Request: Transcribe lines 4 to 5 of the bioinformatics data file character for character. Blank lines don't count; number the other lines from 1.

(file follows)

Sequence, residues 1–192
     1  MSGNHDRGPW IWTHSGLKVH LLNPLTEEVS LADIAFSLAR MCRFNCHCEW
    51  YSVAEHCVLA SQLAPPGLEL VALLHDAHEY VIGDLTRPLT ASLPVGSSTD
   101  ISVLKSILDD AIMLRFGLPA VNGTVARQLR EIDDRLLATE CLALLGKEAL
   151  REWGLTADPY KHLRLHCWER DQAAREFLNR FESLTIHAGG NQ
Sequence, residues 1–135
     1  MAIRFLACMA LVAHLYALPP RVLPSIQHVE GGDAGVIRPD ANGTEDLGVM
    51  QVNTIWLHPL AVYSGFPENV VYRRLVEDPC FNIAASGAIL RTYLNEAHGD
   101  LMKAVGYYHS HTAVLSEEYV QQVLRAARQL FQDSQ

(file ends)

   101  ISVLKSILDD AIMLRFGLPA VNGTVARQLR EIDDRLLATE CLALLGKEAL
   151  REWGLTADPY KHLRLHCWER DQAAREFLNR FESLTIHAGG NQ